Fresh amicus briefs filed in support of SEC in Coinbase suit

Briefs challenge Coinbase’s claim that major questions doctrine should limit the SEC’s authority on the nature of securities.

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In the high-profile legal showdown between the US Securities and Exchange Commission and leading crypto exchange Coinbase, support for the regulator is gaining momentum.

Two amicus briefs filed Tuesday seemingly echoed the SEC’s primary stance: Digital assets should be classified as securities and thus fall within its bounds to police them.

That view has previously led many in the crypto industry to question the regulatory overreach and its implications for the industry’s future.

In a detailed brief from the North American Securities Administrators Association (NASAA), the group highlighted that platforms like Coinbase operate akin to securities exchanges but lack the necessary regulatory scrutiny, posing potential risks to investors.

NASAA is an organization of securities regulators in the US, Canada and Mexico, seemingly tasked with protecting investors and promoting efficient securities markets.

The brief appeared to double down on the notion traditional securities laws should automatically extend to the realm of crypto.

“Digital assets with characteristics typical of securities offer investors the same promise of a return and carry the same risks that led to the enactment of the federal securities laws,” NASAA said.

The SEC is suing Coinbase based on allegations the exchange violated the Securities Exchange Act of 1934 and the Securities Act of 1933. The case’s eventual verdict could set a precedent, shaping the US’s regulatory approach to digital assets in the coming years.

The primary contention is that Coinbase acted as an unregistered securities exchange, broker, and clearing agency, while also offering and selling unregistered securities.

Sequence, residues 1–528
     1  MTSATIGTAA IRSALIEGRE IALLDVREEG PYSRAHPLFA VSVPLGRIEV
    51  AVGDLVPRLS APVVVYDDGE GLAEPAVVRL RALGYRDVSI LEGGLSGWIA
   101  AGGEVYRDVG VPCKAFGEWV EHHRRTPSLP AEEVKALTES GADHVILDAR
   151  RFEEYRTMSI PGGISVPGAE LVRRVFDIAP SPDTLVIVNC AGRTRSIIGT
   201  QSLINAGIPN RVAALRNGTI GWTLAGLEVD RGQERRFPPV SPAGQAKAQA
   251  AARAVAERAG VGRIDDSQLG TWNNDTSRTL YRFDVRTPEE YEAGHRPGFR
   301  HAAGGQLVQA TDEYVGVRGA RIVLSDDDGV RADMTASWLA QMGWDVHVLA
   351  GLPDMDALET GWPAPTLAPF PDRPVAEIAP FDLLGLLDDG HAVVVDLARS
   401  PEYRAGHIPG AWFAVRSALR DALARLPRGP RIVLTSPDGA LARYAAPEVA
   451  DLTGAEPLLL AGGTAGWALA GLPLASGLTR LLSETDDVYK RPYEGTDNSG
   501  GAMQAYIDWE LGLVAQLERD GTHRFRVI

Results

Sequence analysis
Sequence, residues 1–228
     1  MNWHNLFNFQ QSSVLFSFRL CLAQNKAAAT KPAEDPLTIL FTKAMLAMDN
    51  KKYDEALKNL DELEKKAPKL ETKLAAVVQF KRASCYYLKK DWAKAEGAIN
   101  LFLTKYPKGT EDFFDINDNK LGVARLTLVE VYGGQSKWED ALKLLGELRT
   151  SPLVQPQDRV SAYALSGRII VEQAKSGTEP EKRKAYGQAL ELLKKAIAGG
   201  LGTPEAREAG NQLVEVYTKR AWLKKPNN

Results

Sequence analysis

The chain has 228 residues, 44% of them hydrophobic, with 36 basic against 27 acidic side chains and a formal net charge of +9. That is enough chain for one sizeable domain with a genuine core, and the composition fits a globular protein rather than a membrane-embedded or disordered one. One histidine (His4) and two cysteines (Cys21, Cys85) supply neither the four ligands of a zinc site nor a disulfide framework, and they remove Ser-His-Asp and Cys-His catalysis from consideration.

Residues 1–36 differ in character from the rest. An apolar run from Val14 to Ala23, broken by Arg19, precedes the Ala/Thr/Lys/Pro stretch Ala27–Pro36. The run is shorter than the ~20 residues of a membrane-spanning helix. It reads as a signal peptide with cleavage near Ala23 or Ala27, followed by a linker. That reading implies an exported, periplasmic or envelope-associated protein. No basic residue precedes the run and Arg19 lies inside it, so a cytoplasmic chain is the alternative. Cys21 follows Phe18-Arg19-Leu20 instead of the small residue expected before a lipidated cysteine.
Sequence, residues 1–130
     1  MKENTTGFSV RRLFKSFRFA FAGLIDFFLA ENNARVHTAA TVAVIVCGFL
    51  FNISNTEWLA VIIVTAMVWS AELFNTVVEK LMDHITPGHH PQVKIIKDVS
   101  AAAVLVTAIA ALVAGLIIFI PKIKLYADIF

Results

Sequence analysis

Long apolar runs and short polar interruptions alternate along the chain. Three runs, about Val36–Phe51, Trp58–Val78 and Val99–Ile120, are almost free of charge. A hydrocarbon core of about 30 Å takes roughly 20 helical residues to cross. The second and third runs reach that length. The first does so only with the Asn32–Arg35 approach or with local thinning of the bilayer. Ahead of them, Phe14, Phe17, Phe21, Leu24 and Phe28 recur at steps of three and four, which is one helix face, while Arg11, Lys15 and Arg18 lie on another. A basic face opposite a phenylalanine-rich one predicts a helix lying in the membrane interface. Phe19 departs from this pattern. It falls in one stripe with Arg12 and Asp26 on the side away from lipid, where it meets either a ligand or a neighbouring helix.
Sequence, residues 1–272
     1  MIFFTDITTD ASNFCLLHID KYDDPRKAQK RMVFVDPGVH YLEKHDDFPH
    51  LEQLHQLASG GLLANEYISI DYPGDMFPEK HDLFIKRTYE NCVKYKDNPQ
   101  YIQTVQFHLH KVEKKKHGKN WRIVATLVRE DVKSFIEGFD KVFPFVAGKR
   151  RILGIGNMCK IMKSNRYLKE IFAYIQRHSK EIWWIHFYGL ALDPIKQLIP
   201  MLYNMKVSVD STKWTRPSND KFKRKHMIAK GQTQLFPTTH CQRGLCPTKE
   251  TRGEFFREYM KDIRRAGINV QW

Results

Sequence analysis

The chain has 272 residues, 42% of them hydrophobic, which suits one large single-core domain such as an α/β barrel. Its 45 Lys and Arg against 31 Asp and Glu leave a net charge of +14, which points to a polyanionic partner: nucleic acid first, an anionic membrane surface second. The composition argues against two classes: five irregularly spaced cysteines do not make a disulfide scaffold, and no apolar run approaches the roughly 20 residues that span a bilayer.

Central to these allegations is the SEC’s position that Coinbase’s staking program and several of the digital assets traded on its platform qualify as “investment contracts,” making them subject to federal securities laws.

As such, these assets fall squarely under the purview of federal securities laws, NASAA said. 

This perspective is consistent with not only the SEC’s public stance but also resonates with positions held by state securities regulators and the broader understanding of several digital asset issuers, NASAA argued.

While digital assets often dominate headlines, given their volatile nature and the emerging technology backing them, their relative scale in the expansive US economy remains modest, the group said in their brief.

Second brief in favor of the SEC

Further amplifying the regulatory debate, a separate brief was filed on the same day by Professor Todd Phillips of the J. Mack Robinson College of Business at Georgia State University and Beau Baumann, a Doctoral candidate at Yale Law School. 

Leveraging their expertise in financial regulations and administrative law, the scholars extended their support to the SEC’s stance.

Their argument revolves around the major questions doctrine’s historical significance and boundaries. 

The “major questions doctrine” is a US legal rule stating that Congress must clearly specify if it wants an agency to have power over significant economic or political matters, rather than implying such authority in law.

Highlighting recent Supreme Court verdicts, Phillips and Baumann emphasize that any attempt by Coinbase to redefine or narrow down the doctrine’s interpretation might be overstepping its bounds.

Both NASAA and the scholars’ brief converge on several arguments including how Coinbase’s perspective potentially misconstrues the doctrine’s scope as outlined in recent court decisions.

They both acknowledged Congress’s definition of “security” was intentionally broad, enabling it to encapsulate a wide range of investment forms effectively when it was drummed up in the 1930s. 

The definition was designed with the foresight of adapting to the evolving financial ecosystem following the stock market crash of 1929, or so the SEC’s argument goes.

Both briefs also assert the necessity of agencies like the SEC applying existing laws to emerging financial situations. Waiting for explicit congressional directives in fast-paced markets might hinder regulatory efficacy, both parties said.

Updated Oct. 11, 2023 at 9:40 pm ET: This article incorrectly named two former SEC alumni as having filed the NASAA amicus brief. The headline and body have been changed to reflect this.


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